Advertisement
YOU ARE HERE: LAT HomeCollections

America From Abroad : Tokyo's Biggest U.S. Exhibit Isn't Just About Flag-Waving : An outspoken African-American persuades Japanese planners to show racism and conflict alongside Apollo spacecraft and Mt. Rushmore.

August 02, 1994|TERESA WATANABE | TIMES STAFF WRITER

TOKYO — Lonnie Bunch, project director of the Smithsonian's most ambitious exhibit ever--American Festival Japan '94--had had enough. For days, he had argued that Japan's first comprehensive display of U.S. history and culture should stress America's racial diversity. For days, however, the Japanese side had resisted.

"The Japanese just won't understand," Bunch, who is an African American, says he was told by his counterparts.

So he launched into what he calls his "Martin Luther King meets William Jennings Bryan" speech, a thundering oration on how America had grown and changed by grappling with conflict. He roared that the concept was critical to fathoming the American national soul. He leaped to his feet. He shook his fist. He pounded the table. An exquisite performance--or so he thought.

But from the Japanese side of the table, there was dead silence. Shock, perhaps, from a people accustomed to self-restraint. Finally, someone spoke, puzzled and concerned: "Dr. Bunch, are you feeling sick today?"

As Bunch tells it, it was one of the more memorable cultural snafus of the three-year project sponsored by the Smithsonian, Japan's NHK television network and the nation's largest daily newspaper, the Yomiuri Shimbun. But it reflected how those who staged the Smithsonian's biggest attempt to bridge a cultural divide had to overcome perception gaps themselves--including differences in defining America.

Ending Aug. 31, the mammoth undertaking, an eight-week festival in the Tokyo suburb of Chiba, cost $41 million and covers 200,000 square feet. About half is devoted to the Smithsonian's exhibit, a panoramic introduction to America's land, people, history and culture.

In addition to sending extensive photos and videos, the museum shipped more than 400 priceless artifacts--many shown outside the United States for the first time. They include the Wright Brothers' 1911 Vin Fiz airplane, the Apollo 14 space module, Thomas Edison's first light bulb, George Washington's mess kit and the original gifts exchanged when Commodore Matthew Perry sailed into Edo Bay with his black warships to open Japan to the United States in 1853.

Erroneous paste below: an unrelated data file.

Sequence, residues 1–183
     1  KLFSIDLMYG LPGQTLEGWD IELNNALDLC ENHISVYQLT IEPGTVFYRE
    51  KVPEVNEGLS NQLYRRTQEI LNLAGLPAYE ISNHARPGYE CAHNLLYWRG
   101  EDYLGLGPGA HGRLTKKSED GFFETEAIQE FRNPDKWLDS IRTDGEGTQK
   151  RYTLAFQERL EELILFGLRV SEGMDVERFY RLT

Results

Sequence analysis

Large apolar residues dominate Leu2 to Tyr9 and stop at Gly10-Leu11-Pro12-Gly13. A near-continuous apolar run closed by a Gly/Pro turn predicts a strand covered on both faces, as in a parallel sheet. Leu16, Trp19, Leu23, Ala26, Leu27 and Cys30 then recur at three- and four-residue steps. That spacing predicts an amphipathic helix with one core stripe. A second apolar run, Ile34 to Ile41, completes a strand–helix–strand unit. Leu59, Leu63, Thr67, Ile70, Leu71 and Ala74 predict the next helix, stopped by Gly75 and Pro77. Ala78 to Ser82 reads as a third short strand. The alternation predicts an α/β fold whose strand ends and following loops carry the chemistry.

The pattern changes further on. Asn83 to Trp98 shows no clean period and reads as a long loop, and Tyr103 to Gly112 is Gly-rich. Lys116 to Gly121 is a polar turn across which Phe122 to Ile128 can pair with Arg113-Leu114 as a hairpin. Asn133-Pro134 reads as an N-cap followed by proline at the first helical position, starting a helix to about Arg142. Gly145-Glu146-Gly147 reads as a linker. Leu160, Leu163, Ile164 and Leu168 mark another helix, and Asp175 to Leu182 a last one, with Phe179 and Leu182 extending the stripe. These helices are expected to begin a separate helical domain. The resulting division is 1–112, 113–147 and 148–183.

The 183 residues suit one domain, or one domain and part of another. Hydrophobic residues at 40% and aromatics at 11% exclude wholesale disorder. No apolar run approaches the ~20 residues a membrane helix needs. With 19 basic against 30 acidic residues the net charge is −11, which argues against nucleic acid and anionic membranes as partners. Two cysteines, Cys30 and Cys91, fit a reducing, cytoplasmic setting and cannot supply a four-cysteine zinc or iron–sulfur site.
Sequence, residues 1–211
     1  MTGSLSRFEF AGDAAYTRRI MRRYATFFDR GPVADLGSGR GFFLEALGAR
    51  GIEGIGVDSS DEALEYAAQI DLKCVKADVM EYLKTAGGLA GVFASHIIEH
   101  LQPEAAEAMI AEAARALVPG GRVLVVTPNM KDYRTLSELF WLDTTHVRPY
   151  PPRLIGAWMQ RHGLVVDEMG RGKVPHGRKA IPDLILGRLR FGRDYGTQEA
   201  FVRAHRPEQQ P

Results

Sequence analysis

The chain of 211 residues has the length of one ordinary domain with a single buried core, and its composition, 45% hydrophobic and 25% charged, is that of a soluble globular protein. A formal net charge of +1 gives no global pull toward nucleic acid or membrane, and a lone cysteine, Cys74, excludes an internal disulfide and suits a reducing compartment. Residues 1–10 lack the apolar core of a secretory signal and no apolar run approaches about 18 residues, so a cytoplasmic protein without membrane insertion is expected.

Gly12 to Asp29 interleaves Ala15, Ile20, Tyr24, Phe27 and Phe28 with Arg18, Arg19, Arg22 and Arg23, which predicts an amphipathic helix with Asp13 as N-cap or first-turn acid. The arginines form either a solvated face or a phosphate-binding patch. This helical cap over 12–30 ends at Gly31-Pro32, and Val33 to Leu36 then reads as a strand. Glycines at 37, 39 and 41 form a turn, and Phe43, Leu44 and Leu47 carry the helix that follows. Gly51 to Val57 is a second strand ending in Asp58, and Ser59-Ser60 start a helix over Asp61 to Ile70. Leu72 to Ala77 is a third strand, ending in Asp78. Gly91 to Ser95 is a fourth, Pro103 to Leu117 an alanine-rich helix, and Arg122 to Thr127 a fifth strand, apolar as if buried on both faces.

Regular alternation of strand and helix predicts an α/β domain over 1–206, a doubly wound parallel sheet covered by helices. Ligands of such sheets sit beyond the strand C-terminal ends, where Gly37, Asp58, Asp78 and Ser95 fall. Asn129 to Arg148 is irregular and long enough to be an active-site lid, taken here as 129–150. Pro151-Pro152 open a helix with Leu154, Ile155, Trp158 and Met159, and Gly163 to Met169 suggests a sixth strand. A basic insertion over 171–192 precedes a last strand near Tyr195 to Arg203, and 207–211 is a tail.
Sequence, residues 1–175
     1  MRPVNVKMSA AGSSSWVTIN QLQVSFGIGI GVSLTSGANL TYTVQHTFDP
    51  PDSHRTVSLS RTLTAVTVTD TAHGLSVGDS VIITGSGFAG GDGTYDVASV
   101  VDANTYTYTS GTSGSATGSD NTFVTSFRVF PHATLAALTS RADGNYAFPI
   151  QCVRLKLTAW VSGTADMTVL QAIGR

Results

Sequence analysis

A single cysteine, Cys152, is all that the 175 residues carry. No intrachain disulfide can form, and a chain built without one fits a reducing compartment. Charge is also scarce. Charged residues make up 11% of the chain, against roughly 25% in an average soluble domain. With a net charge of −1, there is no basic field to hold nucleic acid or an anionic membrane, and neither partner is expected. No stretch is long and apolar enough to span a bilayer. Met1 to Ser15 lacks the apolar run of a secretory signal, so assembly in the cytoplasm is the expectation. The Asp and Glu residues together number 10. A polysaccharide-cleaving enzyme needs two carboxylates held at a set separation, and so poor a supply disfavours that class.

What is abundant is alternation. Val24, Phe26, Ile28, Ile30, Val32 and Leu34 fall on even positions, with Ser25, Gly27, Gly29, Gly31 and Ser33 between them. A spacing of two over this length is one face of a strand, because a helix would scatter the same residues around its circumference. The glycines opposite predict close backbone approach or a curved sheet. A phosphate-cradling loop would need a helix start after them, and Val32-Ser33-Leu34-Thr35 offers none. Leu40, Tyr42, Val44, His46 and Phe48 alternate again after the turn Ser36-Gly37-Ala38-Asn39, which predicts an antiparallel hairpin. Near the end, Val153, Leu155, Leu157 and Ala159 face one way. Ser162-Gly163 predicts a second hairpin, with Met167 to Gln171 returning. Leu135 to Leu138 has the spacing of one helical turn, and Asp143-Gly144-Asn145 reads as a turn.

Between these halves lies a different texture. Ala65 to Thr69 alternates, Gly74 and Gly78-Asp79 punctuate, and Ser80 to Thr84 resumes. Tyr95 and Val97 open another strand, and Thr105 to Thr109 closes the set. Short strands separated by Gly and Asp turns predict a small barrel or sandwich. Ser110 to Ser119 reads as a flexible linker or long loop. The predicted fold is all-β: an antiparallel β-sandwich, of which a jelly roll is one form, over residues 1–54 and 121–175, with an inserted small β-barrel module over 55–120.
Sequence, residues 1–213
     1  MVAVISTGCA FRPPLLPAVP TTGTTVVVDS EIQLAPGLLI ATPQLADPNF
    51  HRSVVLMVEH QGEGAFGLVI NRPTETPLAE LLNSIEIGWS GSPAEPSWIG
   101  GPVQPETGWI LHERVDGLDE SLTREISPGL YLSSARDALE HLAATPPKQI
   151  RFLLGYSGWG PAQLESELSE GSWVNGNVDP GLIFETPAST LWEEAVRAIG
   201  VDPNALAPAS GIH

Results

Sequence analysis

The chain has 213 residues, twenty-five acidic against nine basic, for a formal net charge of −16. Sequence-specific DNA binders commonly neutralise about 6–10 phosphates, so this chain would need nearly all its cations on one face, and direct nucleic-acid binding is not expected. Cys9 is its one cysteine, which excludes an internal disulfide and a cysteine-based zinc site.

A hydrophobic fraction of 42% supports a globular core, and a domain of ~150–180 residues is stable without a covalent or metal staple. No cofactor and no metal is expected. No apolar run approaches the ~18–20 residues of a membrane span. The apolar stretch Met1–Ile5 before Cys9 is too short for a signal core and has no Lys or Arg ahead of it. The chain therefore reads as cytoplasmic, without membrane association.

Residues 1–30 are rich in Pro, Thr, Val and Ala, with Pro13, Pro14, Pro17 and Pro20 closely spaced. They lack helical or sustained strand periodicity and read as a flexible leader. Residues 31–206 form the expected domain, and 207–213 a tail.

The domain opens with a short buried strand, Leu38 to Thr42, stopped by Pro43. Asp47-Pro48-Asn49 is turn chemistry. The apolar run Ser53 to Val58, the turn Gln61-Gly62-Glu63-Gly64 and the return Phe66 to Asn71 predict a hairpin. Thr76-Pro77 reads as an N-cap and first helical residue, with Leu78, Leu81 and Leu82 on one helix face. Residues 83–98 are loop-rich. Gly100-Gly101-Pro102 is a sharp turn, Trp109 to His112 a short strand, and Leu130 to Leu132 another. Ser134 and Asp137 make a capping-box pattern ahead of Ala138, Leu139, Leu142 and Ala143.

The other half was organized mainly by NHK and the Yomiuri and is more playful: a NASA "orbitron" to simulate space travel, a basketball court in the NBA Hall of Fame and concessions selling everything from hotdogs to baseball caps.

From the very start, the two sides had to sort out differences in vision, execution and even the basic motivation for staging such an ambitious project. The Japanese sponsors say they wanted to better bilateral relations and revitalize America's image, deteriorating into that of a land ridden with crime, racial conflict and economic decline.

Their initial thought was to remind people of America's great scientific inventions and technological grandeur, its frontier spirit and creative popular culture. High on their wish list were treasures that would convey this--and draw in the crowds--such as U.S. spacecraft.

"Japanese people, especially young people, think they know everything about America and some people think we have nothing left to learn from the U.S.," says Mayumi Harada, a Yomiuri spokeswoman. "We wanted to deter this arrogance."

But the Smithsonian official they approached was not inclined to paint only rosy pictures. Bunch--former senior curator of the California Afro-American Museum in Los Angeles-- initially turned the Japanese down flat.

"I wasn't interested in doing a show that just says, 'Look at these beautiful pieces,' " he says, as he escorts a visitor through the exhibit. "I wanted to tell a story. I felt strongly that if the Smithsonian was going to do this, we had to challenge and expand the Japanese notions of America."

Bunch's idea: to present a vision of how America was transformed, enriched and strengthened by racial and cultural diversity--including the political protests and ethnic tension that engendered change.

"We wanted to say that America is great, but one reason is because we have struggled with issues of race, and that has enlarged our ideas about citizenship, liberty and notions of fairness," Bunch says.

Such a vision meant the show had to include mementos of not only America's ideals, but of their failure, such as a Ku Klux Klan robe.

It meant dealing with slavery and highlighting the civil rights movement with a video of Martin Luther King Jr.'s "I have a dream" speech. Bunch says the Japanese negotiators initially resisted the proposal, but the video has turned out to be one of the more powerful attractions.

Bunch's vision also meant enlivening the Japanese-requested icons--the Statue of Liberty, the Stars and Stripes and Mt. Rushmore--with a video of Ray Charles singing "America the Beautiful" and scenes of Americans in all shapes, sizes and colors. He added a section on women pilots and black pilots next to the Wright Brothers airplane. He began the Western frontier section with a giant photo of an Anasazi cliff dwelling in New Mexico.

Advertisement
Los Angeles Times Articles
|
|
|